EDITORIAL: Valentine’s Day for the Charter School? Part Two

Read Part One

I stopped to visit with a friend yesterday, and he asked me about the Pagosa Peak Open School.  He was concerned that the new charter school was going to be teaching cultural values that ran counter to his own personal values.

I imagine he’s not the only person in Pagosa with those kinds of concerns.

I explained to my friend that the key educational models driving the school — Place Based Education, and Project Based Learning — are not built upon any political or cultural agenda, but are instead aimed at igniting the curiosity and passion inherent in each and every child.

In the service of education.

The public schools in America, no matter where they may be located, provide two essential services.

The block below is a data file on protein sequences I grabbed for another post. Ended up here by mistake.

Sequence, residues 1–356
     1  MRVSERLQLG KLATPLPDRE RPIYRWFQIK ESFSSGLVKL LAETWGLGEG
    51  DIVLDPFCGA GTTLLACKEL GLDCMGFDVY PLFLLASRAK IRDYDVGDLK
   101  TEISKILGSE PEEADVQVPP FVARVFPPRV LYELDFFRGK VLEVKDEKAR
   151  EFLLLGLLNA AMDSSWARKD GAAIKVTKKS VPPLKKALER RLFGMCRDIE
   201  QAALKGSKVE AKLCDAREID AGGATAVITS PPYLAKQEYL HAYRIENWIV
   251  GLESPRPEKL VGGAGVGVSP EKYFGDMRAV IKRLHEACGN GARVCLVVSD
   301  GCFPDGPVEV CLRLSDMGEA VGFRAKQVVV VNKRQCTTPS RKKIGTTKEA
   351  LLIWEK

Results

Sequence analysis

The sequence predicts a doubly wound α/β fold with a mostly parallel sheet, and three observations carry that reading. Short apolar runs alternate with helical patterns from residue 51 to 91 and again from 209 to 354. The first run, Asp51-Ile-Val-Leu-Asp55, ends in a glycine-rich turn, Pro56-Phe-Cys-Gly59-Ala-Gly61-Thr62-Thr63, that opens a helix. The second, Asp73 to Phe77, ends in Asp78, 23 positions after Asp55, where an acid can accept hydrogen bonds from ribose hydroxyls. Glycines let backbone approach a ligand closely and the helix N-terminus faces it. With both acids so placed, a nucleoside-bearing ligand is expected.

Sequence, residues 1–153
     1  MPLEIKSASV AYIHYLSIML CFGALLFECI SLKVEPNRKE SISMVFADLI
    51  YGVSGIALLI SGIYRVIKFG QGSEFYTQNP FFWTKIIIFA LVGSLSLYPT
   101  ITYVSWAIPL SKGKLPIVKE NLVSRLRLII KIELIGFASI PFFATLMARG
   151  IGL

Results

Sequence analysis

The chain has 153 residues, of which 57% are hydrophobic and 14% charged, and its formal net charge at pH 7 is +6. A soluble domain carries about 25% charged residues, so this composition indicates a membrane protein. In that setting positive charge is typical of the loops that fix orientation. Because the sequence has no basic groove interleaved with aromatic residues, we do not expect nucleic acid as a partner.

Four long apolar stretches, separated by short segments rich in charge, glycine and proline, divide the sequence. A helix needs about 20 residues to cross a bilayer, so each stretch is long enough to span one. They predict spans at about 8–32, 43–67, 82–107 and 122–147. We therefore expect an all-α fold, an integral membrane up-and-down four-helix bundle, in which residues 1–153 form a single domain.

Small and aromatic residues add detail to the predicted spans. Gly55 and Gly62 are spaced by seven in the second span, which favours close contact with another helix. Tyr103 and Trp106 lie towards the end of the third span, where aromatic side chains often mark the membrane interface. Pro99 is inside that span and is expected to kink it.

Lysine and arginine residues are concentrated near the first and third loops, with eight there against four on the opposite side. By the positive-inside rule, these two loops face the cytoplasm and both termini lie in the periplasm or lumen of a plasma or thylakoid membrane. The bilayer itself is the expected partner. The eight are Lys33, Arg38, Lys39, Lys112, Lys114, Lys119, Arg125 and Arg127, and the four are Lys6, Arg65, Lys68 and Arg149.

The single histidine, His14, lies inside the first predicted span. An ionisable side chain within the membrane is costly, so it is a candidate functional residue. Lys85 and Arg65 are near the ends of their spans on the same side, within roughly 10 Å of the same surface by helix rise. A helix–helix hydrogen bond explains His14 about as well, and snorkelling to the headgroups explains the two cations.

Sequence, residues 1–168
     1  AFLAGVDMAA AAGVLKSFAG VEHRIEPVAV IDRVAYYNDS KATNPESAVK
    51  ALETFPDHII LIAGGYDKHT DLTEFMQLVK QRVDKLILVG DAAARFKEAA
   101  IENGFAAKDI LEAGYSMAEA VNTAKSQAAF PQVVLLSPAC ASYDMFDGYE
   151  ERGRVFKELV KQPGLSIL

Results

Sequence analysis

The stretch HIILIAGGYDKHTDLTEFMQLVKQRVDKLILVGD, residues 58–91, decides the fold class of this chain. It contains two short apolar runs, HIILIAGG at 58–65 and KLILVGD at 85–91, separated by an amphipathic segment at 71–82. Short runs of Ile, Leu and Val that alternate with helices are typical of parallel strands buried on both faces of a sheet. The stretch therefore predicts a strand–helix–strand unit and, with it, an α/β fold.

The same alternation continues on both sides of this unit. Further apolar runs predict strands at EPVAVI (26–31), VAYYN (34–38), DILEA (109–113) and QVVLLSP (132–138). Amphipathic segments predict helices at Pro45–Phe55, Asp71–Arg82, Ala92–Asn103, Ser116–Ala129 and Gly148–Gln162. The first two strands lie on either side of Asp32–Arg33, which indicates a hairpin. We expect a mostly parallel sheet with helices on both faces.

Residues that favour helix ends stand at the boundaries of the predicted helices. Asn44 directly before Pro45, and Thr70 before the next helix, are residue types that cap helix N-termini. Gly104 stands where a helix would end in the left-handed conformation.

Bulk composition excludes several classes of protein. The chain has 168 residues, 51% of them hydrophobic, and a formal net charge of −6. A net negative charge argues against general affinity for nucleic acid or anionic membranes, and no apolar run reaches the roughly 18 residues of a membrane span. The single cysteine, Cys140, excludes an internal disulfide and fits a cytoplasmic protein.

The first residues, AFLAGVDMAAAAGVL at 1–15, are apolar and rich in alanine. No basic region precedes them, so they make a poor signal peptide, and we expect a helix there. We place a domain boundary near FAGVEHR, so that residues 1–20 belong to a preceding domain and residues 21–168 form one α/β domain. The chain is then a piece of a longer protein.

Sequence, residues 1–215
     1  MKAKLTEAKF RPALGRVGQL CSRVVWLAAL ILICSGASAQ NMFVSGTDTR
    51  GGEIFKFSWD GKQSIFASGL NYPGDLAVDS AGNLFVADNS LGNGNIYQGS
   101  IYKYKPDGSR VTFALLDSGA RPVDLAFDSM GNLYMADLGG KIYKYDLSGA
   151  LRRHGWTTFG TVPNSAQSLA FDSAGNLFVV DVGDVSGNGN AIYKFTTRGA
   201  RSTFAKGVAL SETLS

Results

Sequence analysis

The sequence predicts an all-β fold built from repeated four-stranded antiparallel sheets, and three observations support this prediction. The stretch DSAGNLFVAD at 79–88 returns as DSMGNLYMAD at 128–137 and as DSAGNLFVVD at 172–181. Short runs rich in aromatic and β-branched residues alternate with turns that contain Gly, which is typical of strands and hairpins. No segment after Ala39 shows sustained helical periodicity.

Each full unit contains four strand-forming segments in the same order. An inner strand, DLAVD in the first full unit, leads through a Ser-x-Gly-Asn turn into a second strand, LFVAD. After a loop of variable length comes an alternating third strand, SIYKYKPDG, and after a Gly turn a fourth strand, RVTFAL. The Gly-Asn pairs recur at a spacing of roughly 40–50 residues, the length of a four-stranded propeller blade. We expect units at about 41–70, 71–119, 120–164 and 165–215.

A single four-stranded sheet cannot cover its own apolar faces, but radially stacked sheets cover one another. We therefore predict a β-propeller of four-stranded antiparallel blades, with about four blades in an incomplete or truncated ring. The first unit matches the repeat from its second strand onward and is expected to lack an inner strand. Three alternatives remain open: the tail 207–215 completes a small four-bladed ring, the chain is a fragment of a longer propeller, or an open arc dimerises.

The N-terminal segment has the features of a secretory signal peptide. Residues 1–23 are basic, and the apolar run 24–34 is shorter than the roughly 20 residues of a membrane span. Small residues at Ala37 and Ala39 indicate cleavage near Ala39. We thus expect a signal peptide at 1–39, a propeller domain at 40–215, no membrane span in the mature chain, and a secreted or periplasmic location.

1. They provide a place for children to be, while their parents are working.

2. They provide a steady paycheck for teachers and staff.

That might sound a bit cynical, but I don’t intend it in such a manner. Generally speaking, children in America really do need a place to be, while their parents are working.

And as far as the paycheck is concerned, we can probably guess that the vast majority of teachers and school staff would be hesitant to spend five days a week working at a school, if a regular salary were not part of the equation.  And I make this statement as the son of a lifelong public school teacher. My father was one of the most caring, dedicated teachers I have ever known, but he would not have continued to teach, were it not for the steady paycheck.

Beyond those two essential services, many public schools additionally provide an excellent education.

Some do not.  Some schools mainly produce students who drop out prior to high school graduation, feeling disillusioned, dejected and discouraged about life — without an understanding of basic arithmetic and unable to read a daily newspaper. These schools do, however, provide a place for the children to be, while their parents are working (or standing in the unemployment line.) And these schools provide a steady paycheck for their teachers.